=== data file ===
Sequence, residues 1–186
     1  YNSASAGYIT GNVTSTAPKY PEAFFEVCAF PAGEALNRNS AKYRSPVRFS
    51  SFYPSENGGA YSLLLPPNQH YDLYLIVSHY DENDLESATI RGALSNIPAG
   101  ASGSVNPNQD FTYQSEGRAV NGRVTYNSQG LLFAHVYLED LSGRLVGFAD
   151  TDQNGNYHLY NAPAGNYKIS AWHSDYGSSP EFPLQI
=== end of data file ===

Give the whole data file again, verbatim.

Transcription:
Sequence, residues 1–186
     1  YNSASAGYIT GNVTSTAPKY PEAFFEVCAF PAGEALNRNS AKYRSPVRFS
    51  SFYPSENGGA YSLLLPPNQH YDLYLIVSHY DENDLESATI RGALSNIPAG
   101  ASGSVNPNQD FTYQSEGRAV NGRVTYNSQG LLFAHVYLED LSGRLVGFAD
   151  TDQNGNYHLY NAPAGNYKIS AWHSDYGSSP EFPLQI